ROCD and other personality and societal factors

ROCD and other personality and societal factors:

Personal factors may interact with societal influences to affect one’s ability to feel secure with one’s choice of a partner. In recent years, we have seen a significant increase in exposure to other people, their behaviors, and personal lives. Such increased exposure is particularly evident in digital social networks (e.g., Facebook, Google+) and dating websites/applications, thus creating an illusion of availability. Many clients with ROCD describe such extensive exposure to “potential” partners as a powerful trigger of their relationship doubts and preoccupations. Studies in behavioral economics have long supported the role of perceived availability of better options in indecisiveness and differing choices (e.g., Tversky & Shafir, 1992). In the context of romantic relationships, recent studies looking at decision making in online dating show that more search options (i.e., increased perceived availability) result in excessive searching, poorer decision making and reduced selectivity in finding potential partners ( the “more-means-worse effect”; Wu & Chiou, 2009).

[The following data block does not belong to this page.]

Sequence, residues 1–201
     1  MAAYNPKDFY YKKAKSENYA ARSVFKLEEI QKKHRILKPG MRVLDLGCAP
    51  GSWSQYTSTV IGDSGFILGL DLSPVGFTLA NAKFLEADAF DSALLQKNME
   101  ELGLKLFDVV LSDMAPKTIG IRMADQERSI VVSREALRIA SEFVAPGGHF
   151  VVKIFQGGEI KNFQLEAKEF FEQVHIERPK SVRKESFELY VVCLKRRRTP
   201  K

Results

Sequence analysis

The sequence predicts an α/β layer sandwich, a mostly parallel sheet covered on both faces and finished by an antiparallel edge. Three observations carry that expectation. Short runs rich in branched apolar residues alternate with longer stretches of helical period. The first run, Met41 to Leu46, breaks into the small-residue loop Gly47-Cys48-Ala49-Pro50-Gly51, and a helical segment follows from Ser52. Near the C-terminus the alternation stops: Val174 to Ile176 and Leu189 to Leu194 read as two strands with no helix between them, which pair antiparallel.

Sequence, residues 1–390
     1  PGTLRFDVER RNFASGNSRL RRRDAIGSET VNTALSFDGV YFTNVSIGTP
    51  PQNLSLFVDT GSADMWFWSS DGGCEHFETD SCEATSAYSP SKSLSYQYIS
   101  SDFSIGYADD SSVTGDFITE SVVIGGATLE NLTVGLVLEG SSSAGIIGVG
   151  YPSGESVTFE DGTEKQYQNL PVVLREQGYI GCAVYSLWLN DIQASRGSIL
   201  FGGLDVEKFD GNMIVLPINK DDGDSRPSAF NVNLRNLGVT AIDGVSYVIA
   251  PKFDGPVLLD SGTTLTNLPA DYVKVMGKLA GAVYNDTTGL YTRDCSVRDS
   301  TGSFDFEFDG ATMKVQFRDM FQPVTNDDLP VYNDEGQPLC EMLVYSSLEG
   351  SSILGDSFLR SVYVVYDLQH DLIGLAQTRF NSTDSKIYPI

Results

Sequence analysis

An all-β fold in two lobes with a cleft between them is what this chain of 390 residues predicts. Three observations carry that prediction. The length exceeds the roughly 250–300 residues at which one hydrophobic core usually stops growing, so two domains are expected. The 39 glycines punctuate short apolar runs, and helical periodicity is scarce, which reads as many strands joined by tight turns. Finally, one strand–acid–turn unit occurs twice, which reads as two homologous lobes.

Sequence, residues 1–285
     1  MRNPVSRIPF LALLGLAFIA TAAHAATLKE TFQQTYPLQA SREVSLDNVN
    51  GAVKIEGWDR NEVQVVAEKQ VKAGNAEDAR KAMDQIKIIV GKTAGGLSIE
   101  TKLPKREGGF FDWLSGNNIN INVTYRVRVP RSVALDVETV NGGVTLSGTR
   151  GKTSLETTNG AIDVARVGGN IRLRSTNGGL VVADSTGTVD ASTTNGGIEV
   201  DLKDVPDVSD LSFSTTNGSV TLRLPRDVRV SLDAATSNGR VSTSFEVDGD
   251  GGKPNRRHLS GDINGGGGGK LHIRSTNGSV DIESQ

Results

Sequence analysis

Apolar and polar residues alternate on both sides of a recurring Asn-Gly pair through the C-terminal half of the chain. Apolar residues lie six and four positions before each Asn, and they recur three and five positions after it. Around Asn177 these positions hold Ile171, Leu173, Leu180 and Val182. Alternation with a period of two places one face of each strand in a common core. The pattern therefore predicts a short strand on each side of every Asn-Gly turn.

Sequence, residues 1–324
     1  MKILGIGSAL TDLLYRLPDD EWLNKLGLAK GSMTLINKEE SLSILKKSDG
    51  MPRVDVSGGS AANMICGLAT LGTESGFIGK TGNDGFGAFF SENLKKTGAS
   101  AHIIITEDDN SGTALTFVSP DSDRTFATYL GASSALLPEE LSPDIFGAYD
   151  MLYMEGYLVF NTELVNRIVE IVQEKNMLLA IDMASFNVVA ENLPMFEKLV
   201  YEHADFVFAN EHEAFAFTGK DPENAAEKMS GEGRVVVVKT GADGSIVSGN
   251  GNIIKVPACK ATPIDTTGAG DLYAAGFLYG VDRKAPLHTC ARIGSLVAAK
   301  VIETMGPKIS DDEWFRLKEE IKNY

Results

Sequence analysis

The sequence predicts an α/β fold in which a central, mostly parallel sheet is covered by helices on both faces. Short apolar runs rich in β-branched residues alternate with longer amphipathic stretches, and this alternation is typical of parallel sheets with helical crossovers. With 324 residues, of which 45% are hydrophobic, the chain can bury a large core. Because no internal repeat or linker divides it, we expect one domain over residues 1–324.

More recently, Yang and Chiou (2010) examined the moderating effect of personality tendencies on decision making in the context of choice proliferation. Findings indicated that the more-means-worse effect is accentuated among individuals with “maximizing” decision making tendencies. Maximizing strategies are aimed at achieving the best possible option and require an exhaustive search of all possibilities (Simon, 1956; Shwartz, 2002). In contrary, “satisfying” strategies strive for a “good enough” choice, searching until meeting an acceptable option. Indeed, individual differences in maximizing decision-making strategies were liked with poorer mental health (e.g., depression symptoms), increased maladaptive beliefs (e.g., perfectionism), more regret, and higher likelihood of engaging in upward social comparisons (Shwartz et al., 2002). Maximizers were also found to spend more time reviewing options when making a choice than do satisfiers, arguably increasing maximizers’ uncertainty regarding the best choice (Dar-Nimrod, Rawn, Lehman, & Schwartz, 2009; Iyengar et al., 2006). Moreover, recent findings suggest that maximizers tend to avoid commitment to their decisions in a way that contributes to reduced satisfaction (Sparks, Ehrlinger, & Eibach, 2012). Thus, increased perceived availability of alternatives together with a maximizing decision making strategy may increase doubts regarding one’s relational choices.